How are oil and gas companies adjusting their business activities to manage current market dynamics? During today's OnPoint, Kenneth Irvin, co-leader of Sidley Austin's global energy practice, discusses emerging trends for investments and financial transactions and efforts to transform old business models to adjust to today's market. Irvin also weighs the potential for market manipulation investigations.
Monica Trauzzi: Hello and welcome to OnPoint. I'm Monica Trauzzi. With me today is Ken Irvin, co-leader of Sidley Austin's global energy practice. Ken, it's great to have you here back on the show.
Kenneth Irvin: Monica, thank you. It's great to be back.
Monica Trauzzi: Ken, energy companies are adjusting their business activities to account for the dramatic changes in the oil and gas markets. On the production side, what is the pattern that's emerging for investments and financial transactions to manage through this difficult time?
Kenneth Irvin: Well we're definitely in a prevailing low-price environment, and it's creating problems for producers and the people who transact with them. For example, we have a lot of pipeline clients who are facing shippers who may be on the verge of bankruptcy, may no longer be generating the revenue that they were accustomed to, maybe are not quite as credit secure as they used to be. So those are the types of issues that we're seeing people deal with right now in today's market.
Monica Trauzzi: And so then what's the solution to that? What are those sort of transactions and investments?
Kenneth Irvin: Well people are looking at creative ways to do longer-term commodity transactions, a way to get the producer some capital now, trying to find assets that you could monetize, take advantage of perhaps some portion of a producer's total array of assets is in the money, can make some use of that for raising capital now. A lot of our clients are hedge providers, so they look at offering transactions that will give a producer cash now, capital now to satisfy credit worthiness requirements in exchange for a longer-term commitment to buy natural gas or oil at a price that's attractive in today's market.
Monica Trauzzi: How much of an appetite is there to transform old business models, or is there really no choice but to do that?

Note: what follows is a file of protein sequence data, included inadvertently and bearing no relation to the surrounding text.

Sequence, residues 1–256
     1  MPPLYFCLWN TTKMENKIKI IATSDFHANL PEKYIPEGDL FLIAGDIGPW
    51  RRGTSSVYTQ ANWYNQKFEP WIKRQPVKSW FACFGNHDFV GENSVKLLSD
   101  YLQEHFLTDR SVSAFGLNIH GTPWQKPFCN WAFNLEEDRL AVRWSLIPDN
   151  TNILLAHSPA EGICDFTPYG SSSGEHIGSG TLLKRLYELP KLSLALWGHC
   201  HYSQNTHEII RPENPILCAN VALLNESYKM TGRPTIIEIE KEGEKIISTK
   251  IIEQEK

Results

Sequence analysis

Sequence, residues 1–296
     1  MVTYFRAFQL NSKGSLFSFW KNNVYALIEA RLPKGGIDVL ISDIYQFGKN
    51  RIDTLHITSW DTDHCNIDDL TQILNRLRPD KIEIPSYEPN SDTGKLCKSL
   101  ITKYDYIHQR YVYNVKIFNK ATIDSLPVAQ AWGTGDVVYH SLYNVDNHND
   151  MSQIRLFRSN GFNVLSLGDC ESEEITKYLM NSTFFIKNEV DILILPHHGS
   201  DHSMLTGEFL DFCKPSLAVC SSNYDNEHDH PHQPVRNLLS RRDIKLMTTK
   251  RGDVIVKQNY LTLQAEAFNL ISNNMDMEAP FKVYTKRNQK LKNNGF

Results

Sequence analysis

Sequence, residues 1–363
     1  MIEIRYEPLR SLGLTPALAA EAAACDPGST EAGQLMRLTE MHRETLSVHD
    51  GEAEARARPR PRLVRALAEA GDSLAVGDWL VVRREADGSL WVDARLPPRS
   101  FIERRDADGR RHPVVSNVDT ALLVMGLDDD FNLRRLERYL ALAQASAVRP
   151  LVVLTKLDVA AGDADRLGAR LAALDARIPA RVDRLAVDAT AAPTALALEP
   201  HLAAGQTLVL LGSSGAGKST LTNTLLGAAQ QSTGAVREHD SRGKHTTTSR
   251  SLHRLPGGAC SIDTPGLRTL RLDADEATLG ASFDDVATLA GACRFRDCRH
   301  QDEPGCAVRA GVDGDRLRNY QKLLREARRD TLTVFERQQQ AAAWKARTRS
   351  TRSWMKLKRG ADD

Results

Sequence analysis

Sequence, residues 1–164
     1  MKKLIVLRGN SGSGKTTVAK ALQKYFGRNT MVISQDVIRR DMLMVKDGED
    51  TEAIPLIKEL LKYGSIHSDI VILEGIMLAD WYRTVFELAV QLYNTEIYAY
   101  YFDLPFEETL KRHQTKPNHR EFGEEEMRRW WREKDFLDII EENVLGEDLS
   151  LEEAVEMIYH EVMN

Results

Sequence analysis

Kenneth Irvin: You know there's a need in the marketplace for these types of transactions. There's a lot of risk because there's a fair degree of uncertainty about what the future of demand for natural gas, for crude looks like, but we're still producing it, there's a need for it, and I think people are interested in finding ways to do these transactions. The threat of bankruptcy looms and perhaps we'll get to a point where so many have filed for bankruptcy, those who haven't are at a competitive disadvantage, but right now people are looking for ways to deal with it. There are folks who are willing to take on these risks for the right kind of compensation.
Monica Trauzzi: So on bankruptcy is your expectation that we will see more and more companies filing?
Kenneth Irvin: You know if the low-price environment persists since September in natural gas for example we've seen the price go from roughly $3 an MMBtu to today's market is just a little north of $2, so that's a pretty dramatic change. Folks who structure their balance sheet around $3, $4 gas in a $2 market are going to have to restructure. That's inevitable, and as more and more producers file for bankruptcy that puts pressure on those who haven't yet filed. So we expect to see a lot more bankruptcies.
Monica Trauzzi: It's a good time on the flip side for natural gas consumers. Where are the biggest opportunities for long-term purchases?
Kenneth Irvin: If you're a buyer, if you're a load-serving entity and you need gas to run your power plants or for space heating, this could be an attractive market for you. I've talked about Mexico and the opportunities with the restructuring down there with the electric utility.